Study objectives: To evaluate the incidence and clinical significance of delayed pneumothorax, and to analyze the influence of multiple variables on the rate of delayed pneumothorax associated with transthoracic needle biopsy (TTNB) of the lung.
Study design: Prospective study.
Setting: Tertiary care university hospital.
Study subjects: Adult patients underwent TTNB from June 2001 to June 2002.
Measurements and results: Among the 458 patients included in this study, 280 fluoroscopic-guided, 21 CT-guided, and 157 ultrasonography-guided lung biopsies were performed. A follow-up chest radiograph was obtained immediately, and 3 h, 8 h, and 24 h after the biopsy procedure. Pneumothorax that had not developed up to 3 h but developed later was defined as a delayed pneumothorax. Patients with a symptomatic or enlarged pneumothorax were treated using a pigtail catheter or chest tube. Variables such as age, gender, lesion size, location, presence of an emphysematous change, biopsy guidance methods, and biopsy devices were analyzed. Pneumothorax developed in 100 of the 458 patients (21.8%), and delayed pneumothorax developed in 15 patients (3.3%). Seventeen patients, including 3 patients with delayed pneumothorax, required a pigtail catheter or a chest tube insertion. The pigtail catheter or chest tube insertion rate in delayed pneumothorax was 20% (3 of 15 patients). Female gender and the absence of an emphysematous change correlated with an increased rate of delayed pneumothorax (p < 0.05). Lesion size, location, biopsy guidance methods, devices, and underlying diseases were not correlated with the delayed pneumothorax rate.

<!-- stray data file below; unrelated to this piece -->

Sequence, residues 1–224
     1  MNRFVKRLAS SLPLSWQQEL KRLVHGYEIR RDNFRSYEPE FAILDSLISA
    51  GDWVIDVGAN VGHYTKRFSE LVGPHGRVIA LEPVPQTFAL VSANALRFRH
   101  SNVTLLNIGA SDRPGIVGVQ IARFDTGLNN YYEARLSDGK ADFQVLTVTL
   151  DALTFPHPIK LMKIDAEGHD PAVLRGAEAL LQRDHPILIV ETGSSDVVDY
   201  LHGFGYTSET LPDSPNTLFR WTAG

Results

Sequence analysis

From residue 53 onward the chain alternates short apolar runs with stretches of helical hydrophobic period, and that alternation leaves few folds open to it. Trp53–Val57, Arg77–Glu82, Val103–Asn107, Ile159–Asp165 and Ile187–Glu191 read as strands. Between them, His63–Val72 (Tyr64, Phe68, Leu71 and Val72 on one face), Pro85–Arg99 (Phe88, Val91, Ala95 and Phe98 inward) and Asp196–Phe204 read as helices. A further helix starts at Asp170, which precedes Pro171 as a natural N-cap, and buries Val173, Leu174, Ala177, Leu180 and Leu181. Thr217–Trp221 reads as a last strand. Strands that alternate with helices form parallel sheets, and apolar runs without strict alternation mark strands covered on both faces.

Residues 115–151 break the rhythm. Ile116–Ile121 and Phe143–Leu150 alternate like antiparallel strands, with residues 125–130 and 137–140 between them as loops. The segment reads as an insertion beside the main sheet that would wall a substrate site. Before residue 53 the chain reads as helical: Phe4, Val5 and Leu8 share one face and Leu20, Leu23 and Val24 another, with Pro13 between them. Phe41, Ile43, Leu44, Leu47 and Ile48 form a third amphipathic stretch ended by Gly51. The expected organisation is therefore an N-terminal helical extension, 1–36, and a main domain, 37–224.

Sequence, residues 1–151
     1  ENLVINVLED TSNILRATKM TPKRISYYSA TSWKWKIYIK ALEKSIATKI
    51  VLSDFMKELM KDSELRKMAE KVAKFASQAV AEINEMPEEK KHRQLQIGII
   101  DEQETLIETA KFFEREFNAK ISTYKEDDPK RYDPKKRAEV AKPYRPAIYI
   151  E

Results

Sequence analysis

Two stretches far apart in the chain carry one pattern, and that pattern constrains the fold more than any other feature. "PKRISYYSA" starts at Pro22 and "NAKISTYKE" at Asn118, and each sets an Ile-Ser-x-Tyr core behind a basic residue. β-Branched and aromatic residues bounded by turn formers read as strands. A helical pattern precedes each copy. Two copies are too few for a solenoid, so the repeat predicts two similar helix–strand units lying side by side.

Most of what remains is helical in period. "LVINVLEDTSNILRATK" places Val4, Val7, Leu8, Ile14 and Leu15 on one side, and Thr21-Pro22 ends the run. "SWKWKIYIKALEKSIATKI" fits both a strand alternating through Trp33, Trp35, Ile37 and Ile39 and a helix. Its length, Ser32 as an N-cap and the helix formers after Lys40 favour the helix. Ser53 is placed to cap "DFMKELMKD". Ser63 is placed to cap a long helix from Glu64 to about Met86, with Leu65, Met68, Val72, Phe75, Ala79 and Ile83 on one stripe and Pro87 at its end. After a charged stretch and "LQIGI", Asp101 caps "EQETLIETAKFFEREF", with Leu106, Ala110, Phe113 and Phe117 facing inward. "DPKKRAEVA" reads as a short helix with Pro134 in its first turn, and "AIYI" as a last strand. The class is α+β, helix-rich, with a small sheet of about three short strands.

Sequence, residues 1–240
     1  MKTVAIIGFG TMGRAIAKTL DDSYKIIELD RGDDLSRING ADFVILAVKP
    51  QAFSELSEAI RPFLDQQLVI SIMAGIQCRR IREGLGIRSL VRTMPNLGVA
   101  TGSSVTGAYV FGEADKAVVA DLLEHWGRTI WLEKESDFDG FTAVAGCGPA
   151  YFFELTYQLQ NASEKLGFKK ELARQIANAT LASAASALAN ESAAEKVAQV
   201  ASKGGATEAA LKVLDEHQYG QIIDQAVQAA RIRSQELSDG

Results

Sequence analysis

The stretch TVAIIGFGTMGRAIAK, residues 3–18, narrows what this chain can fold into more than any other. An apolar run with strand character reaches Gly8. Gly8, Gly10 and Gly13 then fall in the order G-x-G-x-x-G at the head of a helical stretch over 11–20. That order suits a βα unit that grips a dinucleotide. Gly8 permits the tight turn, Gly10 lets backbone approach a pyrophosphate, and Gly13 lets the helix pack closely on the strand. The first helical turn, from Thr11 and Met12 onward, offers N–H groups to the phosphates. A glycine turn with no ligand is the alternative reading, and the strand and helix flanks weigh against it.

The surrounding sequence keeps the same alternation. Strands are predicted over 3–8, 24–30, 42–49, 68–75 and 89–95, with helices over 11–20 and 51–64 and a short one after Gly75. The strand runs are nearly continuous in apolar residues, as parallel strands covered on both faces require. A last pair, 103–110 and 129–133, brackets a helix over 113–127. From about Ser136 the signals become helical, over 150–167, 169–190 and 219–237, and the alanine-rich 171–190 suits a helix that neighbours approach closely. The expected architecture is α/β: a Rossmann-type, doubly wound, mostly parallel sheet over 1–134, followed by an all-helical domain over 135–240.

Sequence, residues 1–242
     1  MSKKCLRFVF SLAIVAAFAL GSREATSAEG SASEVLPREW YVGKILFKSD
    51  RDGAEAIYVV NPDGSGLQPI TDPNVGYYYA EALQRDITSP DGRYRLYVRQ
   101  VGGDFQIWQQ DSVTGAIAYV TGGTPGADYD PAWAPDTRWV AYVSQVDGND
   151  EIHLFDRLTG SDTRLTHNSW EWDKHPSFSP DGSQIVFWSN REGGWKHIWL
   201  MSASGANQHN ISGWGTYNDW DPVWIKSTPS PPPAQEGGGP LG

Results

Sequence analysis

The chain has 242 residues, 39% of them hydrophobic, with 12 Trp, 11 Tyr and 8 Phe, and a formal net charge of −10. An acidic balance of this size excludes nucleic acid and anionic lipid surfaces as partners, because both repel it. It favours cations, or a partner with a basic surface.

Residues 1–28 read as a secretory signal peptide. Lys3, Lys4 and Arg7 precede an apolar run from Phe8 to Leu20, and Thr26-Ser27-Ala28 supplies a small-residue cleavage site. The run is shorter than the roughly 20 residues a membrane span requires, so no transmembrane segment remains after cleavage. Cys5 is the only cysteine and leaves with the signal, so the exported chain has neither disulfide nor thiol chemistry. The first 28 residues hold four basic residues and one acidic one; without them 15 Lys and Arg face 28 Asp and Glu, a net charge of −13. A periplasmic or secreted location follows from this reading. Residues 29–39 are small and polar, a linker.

Conclusions: The incidence of delayed pneumothorax was 3.3% of all TTNBs. Female gender and the absence of an emphysematous change were identified as risk factors for delayed pneumothorax. Delayed pneumothorax is clinically important because of its considerable incidence and the necessity for pigtail catheterization or chest tube insertion in these patients.